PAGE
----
With an 8,000-year-old history, pomegranates are both beautiful and a nutrient powerhouse. It's easy to incorporate them into your kitchen routine.
Not every food that’s beautiful to the eye is also a nutrient powerhouse. But pomegranates certainly fit the bill; they serve equally well as holiday décor or antioxidant boosters.
The pomegranate has an 8,000-year-old history. Its name comes from the Medieval Latin pomum granatum (“seeded apple”). In French, the fruit is known as pomme-grenade. Grenadine was originally made from pomegranate syrup — it’s now often a concoction of high-fructose corn syrup, water, citric acid and food coloring.
The fruit originated in the region that extends from modern-day Iran to northern India, and was cultivated throughout the Mediterranean basin. Spanish settlers brought pomegranates to California in the 1700s. The “Wonderful” cultivar of pomegranate started in Florida, but a cutting was brought to California in 1896 — that’s where the company POM Wonderful got its name.
Pomegranates have a hard outer rind and a spongy white pith with a membrane that forms small chambers housing between 200 and 1,400 arils, the juicy translucent flesh surrounding the actual pomegranate seeds. Pomegranate juice is pressed from the entire pomegranate.
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Pomegranate juice is high in polyphenols; an important class of phytonutrients, these are plant compounds that have benefits for human health. The arils are high in anthocyanins, also found in many berries, while the rind and pith are rich in ellagitanins, also present in berries and nuts. Research shows that pomegranate juice has more polyphenols — and higher antioxidant potency — than red wine, iced tea (green, black and white) and commonly consumed juices — with about four times the antioxidants as green tea.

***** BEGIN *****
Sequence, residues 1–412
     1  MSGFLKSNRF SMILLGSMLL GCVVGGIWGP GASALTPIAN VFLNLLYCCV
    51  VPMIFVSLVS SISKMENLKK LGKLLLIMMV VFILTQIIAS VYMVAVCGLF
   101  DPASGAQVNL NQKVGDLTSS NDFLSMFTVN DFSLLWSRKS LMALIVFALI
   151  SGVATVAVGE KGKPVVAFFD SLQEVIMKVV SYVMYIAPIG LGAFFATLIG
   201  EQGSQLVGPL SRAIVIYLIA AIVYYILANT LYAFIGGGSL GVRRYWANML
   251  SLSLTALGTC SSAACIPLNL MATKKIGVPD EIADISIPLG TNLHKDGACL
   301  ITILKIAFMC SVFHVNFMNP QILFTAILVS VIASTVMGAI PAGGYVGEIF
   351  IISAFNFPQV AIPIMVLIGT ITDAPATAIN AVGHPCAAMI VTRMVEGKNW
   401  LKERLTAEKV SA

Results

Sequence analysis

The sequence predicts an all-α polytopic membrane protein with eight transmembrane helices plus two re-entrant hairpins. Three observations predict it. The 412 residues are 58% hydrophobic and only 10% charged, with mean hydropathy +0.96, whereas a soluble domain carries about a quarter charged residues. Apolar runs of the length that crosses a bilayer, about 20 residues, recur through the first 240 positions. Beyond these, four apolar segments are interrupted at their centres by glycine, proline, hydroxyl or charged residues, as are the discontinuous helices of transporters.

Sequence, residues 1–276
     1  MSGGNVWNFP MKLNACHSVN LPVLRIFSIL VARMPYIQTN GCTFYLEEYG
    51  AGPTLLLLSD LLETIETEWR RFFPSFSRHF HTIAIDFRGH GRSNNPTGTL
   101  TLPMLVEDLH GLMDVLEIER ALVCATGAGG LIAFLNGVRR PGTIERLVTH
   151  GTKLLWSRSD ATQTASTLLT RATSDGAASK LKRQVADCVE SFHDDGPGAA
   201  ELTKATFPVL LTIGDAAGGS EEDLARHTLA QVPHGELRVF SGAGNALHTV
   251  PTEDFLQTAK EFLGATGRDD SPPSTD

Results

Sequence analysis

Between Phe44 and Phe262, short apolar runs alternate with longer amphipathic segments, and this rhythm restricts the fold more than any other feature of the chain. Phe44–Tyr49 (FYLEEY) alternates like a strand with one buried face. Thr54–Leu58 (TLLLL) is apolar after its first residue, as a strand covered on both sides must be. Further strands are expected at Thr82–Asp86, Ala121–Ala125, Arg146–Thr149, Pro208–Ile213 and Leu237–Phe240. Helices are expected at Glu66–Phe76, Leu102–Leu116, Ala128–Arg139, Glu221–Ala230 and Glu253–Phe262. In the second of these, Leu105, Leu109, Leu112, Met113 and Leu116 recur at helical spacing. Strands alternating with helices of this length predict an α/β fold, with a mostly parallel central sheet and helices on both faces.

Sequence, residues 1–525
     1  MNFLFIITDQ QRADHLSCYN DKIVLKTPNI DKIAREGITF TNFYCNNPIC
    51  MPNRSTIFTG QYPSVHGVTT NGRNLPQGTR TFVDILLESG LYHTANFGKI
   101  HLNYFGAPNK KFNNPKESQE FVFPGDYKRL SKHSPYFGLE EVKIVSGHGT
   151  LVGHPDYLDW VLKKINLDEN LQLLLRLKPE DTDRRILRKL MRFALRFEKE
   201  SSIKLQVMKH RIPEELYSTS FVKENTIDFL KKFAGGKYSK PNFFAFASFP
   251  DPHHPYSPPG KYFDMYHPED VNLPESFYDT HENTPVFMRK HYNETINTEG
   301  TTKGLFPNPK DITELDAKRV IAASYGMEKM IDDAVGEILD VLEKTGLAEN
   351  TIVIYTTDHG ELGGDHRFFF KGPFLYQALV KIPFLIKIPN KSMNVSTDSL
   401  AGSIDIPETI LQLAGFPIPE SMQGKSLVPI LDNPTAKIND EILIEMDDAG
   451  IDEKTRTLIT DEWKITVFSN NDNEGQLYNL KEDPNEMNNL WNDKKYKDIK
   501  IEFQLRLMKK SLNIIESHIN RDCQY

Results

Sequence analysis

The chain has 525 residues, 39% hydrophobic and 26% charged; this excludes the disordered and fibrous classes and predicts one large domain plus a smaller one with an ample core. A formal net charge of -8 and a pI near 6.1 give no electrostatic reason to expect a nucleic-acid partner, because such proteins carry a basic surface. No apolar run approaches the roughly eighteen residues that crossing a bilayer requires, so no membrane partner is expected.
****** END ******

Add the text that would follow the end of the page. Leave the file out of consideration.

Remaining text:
It appears that pomegranate juice helps reduce chronic inflammation and oxidative stress in the body, and may also be beneficial for gut microbiota, but research on how this applies to actual reduced risk of certain diseases is still in its early stages. Interestingly, the amount of pomegranate juice used in most clinical research is eight ounces a day — about the amount you might drink at home.
Pomegranates in the kitchen
Pomegranates have a sweet-tart flavor profile that lends itself well to both sweet and savory dishes. Fresh pomegranates are in season — and in stores — November through January, but pomegranate juice and pomegranate molasses are on store shelves year-round. Fresh, unopened pomegranates will last for a month on the kitchen counter, or many months in the refrigerator. If actually opening them seems intimidating, follow these simple steps:
1. Cut off about a half-inch from the crown (not the stem end) and score the pomegranate lengthwise where you see the divisions formed by the white membrane — usually in four to six places.
2. Pull the pomegranate apart over a large bowl of water and gently separate the arils from the section walls. The arils will sink to the bottom and the peel and membranes will float. Skim off the surface debris and drain seeds in a colander.